Category: research projects

Women in Type

Type Drawing Office of the Monotype Corporation in the 1920s. © Monotype

‘Women in type: a social history of women’s role in type-drawing offices, 1910–90’ is a new three-year research project now underway in the Department, funded by the Leverhulme Trust and led by Professor Fiona Ross. The project team includes Dr Alice Savoie and Dr Helena Lekka. For more information about this exciting and timely project, see the Leverhulme Trust’s newsletter for January 2018 (p. 11).

Breaking down Barriers wins CIOB award for innovation

Typography students use simulation tools to appraise whether information in everyday contexts are presented in visually inclusive ways

Breaking down Barriers (BdB) – our multidisciplinary inclusive design project – has received a Highly Commended Award for Innovation in Education and Training in the 2016 Chartered Institute of Building (CIOB) International Innovation & Research Awards Scheme.

BdB champions a unique cross-disciplinary initiative to embed inclusive design across the University. Our BdB vision is to ensure Reading graduates across all disciplines advocate inclusion in their professional practices and bring real benefits to the everyday lives of all users, particularly people with conditions related to ageing and/or cognitive and physical disabilities. In Typography, we are engaging with inclusive design across a range of professional design contexts, including digital, packaging, print and wayfinding applications.

Typography students say that our BdB workshops have helped them “gain insight as to how thoughtful design can influence other industries and how we as designers must work together with these other industries in order to make the lives of the people that need a helping hand that little bit easier”.

CIOB Innovation and Research Awards highlight the importance of innovation and research in raising performance levels, enhancing best practice and improving the quality of the built environment. The CIOB judges said: “This innovation in education is a practical, engaging and demonstrable way to bring to life a real social challenge with widespread value and application. The innovation shows a genuine commitment to invest in the UK’s building stock and educate the next generation of professionals to ensure the needs of all users of a facility are firmly met.”

BdB began as an exciting collaboration between the School of Built Environment, the Henley Business School and the School of Arts and Communication Design in 2015. Since then we have been joined by staff within the School of Biological Sciences and collaborated with the Centre for Staff Development and, most recently, the School of Psychology and Clinical Language Sciences, as well as external partners.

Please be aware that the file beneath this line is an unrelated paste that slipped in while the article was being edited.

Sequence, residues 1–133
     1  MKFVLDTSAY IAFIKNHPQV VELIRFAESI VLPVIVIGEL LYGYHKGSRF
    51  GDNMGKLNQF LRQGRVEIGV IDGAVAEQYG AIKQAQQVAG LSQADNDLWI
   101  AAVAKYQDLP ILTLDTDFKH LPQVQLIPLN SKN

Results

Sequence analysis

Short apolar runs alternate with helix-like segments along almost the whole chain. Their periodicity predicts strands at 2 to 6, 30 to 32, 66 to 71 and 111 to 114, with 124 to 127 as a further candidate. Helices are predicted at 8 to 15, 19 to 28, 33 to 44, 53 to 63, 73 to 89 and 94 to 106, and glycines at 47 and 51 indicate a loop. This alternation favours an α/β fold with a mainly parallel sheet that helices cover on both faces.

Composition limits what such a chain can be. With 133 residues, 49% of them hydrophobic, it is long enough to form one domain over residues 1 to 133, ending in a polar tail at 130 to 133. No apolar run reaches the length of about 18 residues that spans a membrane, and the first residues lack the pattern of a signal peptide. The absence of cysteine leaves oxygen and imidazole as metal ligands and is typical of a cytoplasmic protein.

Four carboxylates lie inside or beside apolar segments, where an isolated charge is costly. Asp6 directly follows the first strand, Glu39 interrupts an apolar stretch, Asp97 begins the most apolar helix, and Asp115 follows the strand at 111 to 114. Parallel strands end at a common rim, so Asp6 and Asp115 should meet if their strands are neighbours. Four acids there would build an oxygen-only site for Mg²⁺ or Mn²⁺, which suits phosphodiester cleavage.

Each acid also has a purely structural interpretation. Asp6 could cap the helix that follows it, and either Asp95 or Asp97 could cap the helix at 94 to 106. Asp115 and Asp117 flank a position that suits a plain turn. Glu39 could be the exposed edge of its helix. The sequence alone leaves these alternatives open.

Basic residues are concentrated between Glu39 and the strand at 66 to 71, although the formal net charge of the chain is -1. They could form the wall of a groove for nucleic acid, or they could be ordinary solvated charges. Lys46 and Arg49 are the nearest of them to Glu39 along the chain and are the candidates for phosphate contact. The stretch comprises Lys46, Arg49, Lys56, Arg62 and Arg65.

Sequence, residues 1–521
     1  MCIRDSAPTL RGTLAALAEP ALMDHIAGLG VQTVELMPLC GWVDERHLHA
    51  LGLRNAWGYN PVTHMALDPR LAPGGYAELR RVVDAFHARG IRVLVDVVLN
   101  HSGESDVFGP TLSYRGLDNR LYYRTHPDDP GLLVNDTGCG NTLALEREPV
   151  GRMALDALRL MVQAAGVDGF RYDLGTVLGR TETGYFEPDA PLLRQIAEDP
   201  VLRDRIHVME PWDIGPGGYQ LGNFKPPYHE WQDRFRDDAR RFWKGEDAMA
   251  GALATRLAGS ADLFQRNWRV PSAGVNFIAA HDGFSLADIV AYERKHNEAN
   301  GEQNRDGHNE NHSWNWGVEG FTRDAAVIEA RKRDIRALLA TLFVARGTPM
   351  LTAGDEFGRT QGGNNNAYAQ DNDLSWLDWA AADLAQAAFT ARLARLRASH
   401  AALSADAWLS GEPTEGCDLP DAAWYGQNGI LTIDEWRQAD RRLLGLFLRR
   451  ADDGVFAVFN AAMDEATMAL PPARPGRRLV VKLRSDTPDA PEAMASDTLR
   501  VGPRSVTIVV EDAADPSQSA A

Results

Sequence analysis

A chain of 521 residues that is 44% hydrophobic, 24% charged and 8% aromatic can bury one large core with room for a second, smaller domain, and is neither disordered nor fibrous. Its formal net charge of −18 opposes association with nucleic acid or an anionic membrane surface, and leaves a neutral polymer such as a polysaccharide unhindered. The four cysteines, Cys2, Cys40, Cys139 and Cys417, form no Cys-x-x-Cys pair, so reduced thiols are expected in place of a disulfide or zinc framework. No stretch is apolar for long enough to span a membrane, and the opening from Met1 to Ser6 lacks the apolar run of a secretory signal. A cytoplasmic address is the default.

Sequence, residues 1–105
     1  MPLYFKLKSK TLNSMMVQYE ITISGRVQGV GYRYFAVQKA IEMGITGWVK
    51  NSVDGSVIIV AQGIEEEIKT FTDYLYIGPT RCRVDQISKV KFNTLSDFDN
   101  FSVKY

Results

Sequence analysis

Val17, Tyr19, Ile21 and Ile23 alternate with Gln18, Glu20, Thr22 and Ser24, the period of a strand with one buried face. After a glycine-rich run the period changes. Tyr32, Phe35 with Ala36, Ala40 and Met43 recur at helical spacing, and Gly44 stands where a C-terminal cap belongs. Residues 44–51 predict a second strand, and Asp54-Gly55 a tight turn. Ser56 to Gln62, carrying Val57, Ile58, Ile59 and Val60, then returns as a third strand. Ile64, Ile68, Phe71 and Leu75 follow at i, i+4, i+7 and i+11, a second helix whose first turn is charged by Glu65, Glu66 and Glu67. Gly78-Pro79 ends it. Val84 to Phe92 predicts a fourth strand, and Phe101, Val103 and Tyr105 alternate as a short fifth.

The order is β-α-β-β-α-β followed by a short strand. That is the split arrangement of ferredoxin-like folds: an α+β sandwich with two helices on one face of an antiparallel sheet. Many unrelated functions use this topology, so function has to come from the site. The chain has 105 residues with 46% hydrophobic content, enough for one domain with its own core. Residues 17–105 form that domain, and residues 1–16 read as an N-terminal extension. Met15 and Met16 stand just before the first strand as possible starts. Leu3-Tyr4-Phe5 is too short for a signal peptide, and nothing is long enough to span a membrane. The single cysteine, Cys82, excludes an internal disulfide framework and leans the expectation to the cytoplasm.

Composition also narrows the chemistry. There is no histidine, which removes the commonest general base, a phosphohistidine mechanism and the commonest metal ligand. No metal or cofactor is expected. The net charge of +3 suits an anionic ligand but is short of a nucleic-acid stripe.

Successful undergraduate summer research project

Mel and Peter

Congratulations go to Part 3 students, Mel Towriss and Peter Loveland (pictured above) who, over the summer, took part in the University’s Undergraduate Research Opportunity Programme (UROP) and worked with Centre for Information Design Research. Their project examined how on-screen text format affected people’s reading speed and comprehension, as well as people’s views on which text formats were most appropriate for different purposes. The texts used for the study dealt with employers’ responsibilities to run a payroll and were drawn from the GOV.UK web site. Mel and Peter found strong agreement among study participants regarding the text formats; for example, what might be appropriate for beginner or professional readers of the information. Reading times for the different formats did not differ significantly across format but there were differences in comprehension of the information they presented. Mel and Peter were runners up in a research poster  competition for all students taking part in the UROP scheme and will be taking their poster to the 2015 British Conference of Undergraduate Research.

Student–staff collaboration on biodiversity tracking tool

KiteSiteSignagePalmer2014

The University has launched its biodiversity mapping tool, KiteSite, which is to be used in teaching to track sightings of plant and animal life and, through GPS, map their location on campus. The tool was developed from existing open-source software by a joint team of biologists, computer scientists and designers as part of a University-funded Teaching and Learning Development project. Typography and Graphic Communication student, Liam Basford (pictured centre), developed the branding and communications for the project. He is with Bethany Everett (left), one of a group of student volunteers who tested the tool, and Alison Black, of Centre for Information Design Research, who was part of the academic team involved in the project.

Funding for doing a PhD

Typography is part of the AHRC Doctoral Training Centre, Design Star.

Design Star invites applications for full- and part-time Arts and Humanities Research Council studentships which include fees and a stipend.

Find out why you should join us, and how to apply at www.designstar.org.uk

Design Star brings together world-class research in design for industry, interaction design, design process, communication design, sustainable design design history, curation and creative practice. Its spread of design disciplines is linked by a common approach to research that encourages the integration of history, theory and engagement.

Design Star research training is innovative, stimulating and relevant supported by a broader range of expertise and covering more methods than within any one single institution.

Funding for up to 12 PhD studentships is available for 2014/15.

The deadline for applications is Friday 28 February 2014.